Kiwis get rare torpedo-drop opportunity on RIMPAC

Ships and aircraft of the New Zealand Defence Force joined forces to hunt down an ‘enemy’ submarine and attack it with torpedoes, at RIMPAC last week.

Royal New Zealand Navy frigate HMNZS Te Kaha, her Seasprite helicopter and two P-3K2 Orions from the Royal New Zealand Air Force’s No 5 Squadron each fired a torpedo at the target, a remote-controlled underwater vehicle playing the part of a submarine.

An NZDF spokesman said anti-submarine warfare was a key part of the NZDF’s maritime-combat capability and the exercise provided an intense test of the combined skills of the ship, helicopter and the two Orions.

A MK46 torpedo drops from an RNZAF Orion P-3K2 bomb bay during a live-fire anti-submarine mission during RIMPAC16. Royal New Zealand Navy photo by Petty Officer Chris Weissenborn.
A MK46 torpedo drops from an RNZAF Orion P-3K2 bomb bay during a live-fire anti-submarine mission during RIMPAC16. Royal New Zealand Navy photo by Petty Officer Chris Weissenborn.

Orion pilot Flight Lieutenant Jonathan Pound said sonar buoys had to be laid in a particular pattern to hunt a submarine.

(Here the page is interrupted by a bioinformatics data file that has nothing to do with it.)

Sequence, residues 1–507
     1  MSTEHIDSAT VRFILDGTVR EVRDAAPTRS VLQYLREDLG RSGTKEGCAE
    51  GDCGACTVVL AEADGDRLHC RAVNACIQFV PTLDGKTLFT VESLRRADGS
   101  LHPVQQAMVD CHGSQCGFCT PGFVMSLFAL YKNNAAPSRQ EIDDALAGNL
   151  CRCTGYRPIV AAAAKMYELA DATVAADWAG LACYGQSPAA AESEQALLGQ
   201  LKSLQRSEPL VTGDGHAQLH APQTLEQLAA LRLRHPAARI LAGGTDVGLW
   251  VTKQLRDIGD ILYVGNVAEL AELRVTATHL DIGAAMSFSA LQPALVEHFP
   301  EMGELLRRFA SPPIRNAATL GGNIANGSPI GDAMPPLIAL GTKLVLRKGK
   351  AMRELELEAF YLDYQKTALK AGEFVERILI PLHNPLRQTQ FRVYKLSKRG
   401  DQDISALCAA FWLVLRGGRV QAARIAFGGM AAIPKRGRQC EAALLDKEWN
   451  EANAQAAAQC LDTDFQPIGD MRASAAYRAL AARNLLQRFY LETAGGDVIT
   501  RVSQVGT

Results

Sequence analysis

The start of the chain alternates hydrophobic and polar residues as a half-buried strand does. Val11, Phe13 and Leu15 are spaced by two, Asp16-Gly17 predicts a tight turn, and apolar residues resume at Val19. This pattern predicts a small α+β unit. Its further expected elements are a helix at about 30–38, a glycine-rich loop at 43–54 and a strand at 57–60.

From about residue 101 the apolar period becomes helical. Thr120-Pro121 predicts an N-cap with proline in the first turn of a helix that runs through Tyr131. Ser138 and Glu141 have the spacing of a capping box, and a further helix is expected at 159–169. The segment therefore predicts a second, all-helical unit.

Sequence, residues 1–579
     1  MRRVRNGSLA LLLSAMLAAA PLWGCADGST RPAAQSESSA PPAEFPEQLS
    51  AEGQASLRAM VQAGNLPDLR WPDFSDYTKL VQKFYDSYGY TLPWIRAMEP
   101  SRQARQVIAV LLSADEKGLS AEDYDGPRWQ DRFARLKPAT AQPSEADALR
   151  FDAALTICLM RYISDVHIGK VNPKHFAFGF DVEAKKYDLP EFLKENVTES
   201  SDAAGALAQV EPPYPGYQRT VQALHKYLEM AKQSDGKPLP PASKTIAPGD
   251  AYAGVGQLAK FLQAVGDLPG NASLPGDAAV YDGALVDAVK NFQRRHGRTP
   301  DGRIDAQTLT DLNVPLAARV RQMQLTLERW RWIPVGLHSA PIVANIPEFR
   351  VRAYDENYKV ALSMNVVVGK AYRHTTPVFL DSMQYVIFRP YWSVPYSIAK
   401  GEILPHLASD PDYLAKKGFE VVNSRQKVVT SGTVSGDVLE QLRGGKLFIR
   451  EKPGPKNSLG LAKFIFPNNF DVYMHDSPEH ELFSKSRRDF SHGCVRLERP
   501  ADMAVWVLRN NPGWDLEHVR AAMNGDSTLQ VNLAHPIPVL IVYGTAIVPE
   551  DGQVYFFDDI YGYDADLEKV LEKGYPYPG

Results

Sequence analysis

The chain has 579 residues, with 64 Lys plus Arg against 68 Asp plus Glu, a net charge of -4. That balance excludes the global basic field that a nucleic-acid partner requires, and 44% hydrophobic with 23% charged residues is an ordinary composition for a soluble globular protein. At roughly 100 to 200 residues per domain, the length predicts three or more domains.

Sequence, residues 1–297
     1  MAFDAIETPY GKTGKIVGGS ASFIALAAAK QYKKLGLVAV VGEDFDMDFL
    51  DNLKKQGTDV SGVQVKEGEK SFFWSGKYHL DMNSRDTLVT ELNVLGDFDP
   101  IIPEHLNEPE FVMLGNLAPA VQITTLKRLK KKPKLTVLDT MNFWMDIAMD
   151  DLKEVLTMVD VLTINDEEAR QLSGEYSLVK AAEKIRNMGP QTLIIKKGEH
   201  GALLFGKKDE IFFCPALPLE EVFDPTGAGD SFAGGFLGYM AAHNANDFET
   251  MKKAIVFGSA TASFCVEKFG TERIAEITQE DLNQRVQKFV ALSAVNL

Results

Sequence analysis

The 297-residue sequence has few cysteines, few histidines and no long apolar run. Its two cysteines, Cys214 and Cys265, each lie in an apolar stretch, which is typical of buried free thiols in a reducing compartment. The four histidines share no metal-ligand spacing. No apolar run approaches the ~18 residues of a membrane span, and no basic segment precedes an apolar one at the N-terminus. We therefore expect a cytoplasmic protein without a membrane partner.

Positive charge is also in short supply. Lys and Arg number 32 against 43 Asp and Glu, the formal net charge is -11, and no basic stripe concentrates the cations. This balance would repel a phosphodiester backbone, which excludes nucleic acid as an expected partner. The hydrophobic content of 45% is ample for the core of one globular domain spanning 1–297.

“For us, this involved precision flying from 2000 feet to as low as 200 feet above the sea,” Flight Lieutenant Jonathan Pound said.

“It also included steep turns – a 60 degree angle of bank – which meant the Orion was essentially on its side and the crew was experiencing 2G, twice the force of gravity.”

Commanding Officer No 5 Squadron Wing Commander Daniel Hunt, said the torpedo drop was the first by an RNZAF aircraft in over five years.

“The range here in Hawaii has the ability to provide almost instantaneous feedback to the crew about how accurate the drop was,” Wing Commander Hunt said.

“This allows us to externally validate our processes and procedures and ensure we have an effective combat capability.

“In New Zealand we do not have a range with this sort of fidelity and the cost of owning one would be prohibitive, which is why attendance at RIMPAC is such a major event for the team.”

He said the technology involved was crucial to the exercise.

“It provides valuable opportunities for us to train and learn with our multi-national partners.

“It was a real team effort from loading the torpedoes to locating, tracking and attacking the target below the surface.

“It’s a great demonstration of our warfare capability.”.

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Brian Hartigan

Managing Editor Contact Publishing Pty Ltd PO Box 3091 Minnamurra NSW 2533 AUSTRALIA

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